January 13, 2011

Why can't Sarkozy learn how to speak?


You remember how in Pygmalion Professor Henry Higgins was tortured by the question of why the English wouldn’t learn how to speak properly? Well, it seems Nicolas Sarkozy has come to exasperate many French intellectuals in a similar way.

A video compiling Sarkozy’s grammatical and syntactical problems (see below) is getting a great deal of attention in France, so much so that it prompted the newspaper Liberation to run an interview with the linguist Jean Veronis in which she details his many linguistic weaknesses shown in the clip.

Why does the French President mispronounce our (beautiful) language in such extreme ways? Do you think I’m overreacting? Judge for yourself by the following quotes:

« Et qu’est-ce c’est que j’m’aperçois ? » / “What’s that I realize?”

« La tranquillité pour moi, ça aurait été de pas m’occuper de ça. »/ ”The tranquility for me that’d have been not to take care of that.”

« L’Ecologie, c’est pas pour faire plus de jardins et moins d’emploi pour vous et vos enfants. »/ ”Ecology is not to make more gardens and less jobs for you & your children.”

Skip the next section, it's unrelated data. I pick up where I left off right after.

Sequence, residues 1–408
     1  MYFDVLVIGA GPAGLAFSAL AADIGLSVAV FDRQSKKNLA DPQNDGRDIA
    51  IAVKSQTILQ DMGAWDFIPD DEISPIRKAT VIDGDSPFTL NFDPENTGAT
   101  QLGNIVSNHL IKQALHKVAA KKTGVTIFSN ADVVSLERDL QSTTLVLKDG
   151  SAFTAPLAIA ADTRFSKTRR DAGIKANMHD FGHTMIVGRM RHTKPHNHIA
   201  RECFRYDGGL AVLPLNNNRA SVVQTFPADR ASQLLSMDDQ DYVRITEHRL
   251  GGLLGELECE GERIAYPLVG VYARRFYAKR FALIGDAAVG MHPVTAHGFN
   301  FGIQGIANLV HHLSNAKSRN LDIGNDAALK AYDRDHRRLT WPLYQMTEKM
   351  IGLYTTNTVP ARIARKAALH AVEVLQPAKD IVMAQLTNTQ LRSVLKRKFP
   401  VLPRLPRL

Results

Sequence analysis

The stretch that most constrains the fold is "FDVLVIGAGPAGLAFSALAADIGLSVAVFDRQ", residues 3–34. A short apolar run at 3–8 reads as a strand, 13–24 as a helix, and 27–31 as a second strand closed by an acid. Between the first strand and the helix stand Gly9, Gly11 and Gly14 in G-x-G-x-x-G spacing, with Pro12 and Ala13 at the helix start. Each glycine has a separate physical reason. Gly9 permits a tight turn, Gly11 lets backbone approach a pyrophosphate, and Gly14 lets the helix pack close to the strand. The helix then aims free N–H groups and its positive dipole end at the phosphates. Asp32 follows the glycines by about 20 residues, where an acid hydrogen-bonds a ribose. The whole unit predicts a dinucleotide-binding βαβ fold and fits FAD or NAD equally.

« On se demande c’est à quoi ça leur a servi! » / “You wonder how’s that t’was useful to them!”

No doubt our president has spent more time in the company of the French singer Johnny Halliday –another famous mangler of the languagethan reading The Princess of Clèves (the classic novel he judged not worthy of being taught in high school, as per an earlier MobyLives report). But as a consequence of his poor public speaking performances, journalists have taken to correcting him when reporting his declarations.That’s a first  in French history. Say what you will about our presidents, until now their expression skills have shown if not a literary elegance then at least the distinction of correctness.

Then there’s Sarkozy’s use of obscene language in public. On the website Rue89, there’s a story about the unfortunate side effect of Sarkozy vulgarity: a French teacher reports that when she punished a pupil for employing an insult he retorted, “If the president says it, why can’t I?” The student was referring to the occasion when Sarkozy — while inaugurating a fair in 2009 — publicly insulted a man for refusing to shake his hand, saying, “Casse-toi pauv’con!” (“Get the hell out of my way, you dickhead!”)

Sarkozy’s recurrent lapses intrigue sociologists and linguists. Some argue they are an instrumental part of a demagogic, populist strategy to seduce the “lowest France,” as Sarkozy himself calls our working class. But others point out that since the beginning of his political career, Sarkozy has always expressed himself very poorly.

So, what can we possibly do? According to one report, a socialist deputy has suggested that the Minister of Education gave our president evening French classes. That would be charitable.

Meanwhile, in the back of my head I keep recalling a short man waving a flag and telling people to leave France if they don’t like it … followed by a little voice whispering in my ear: “The French language — love it or leave it!”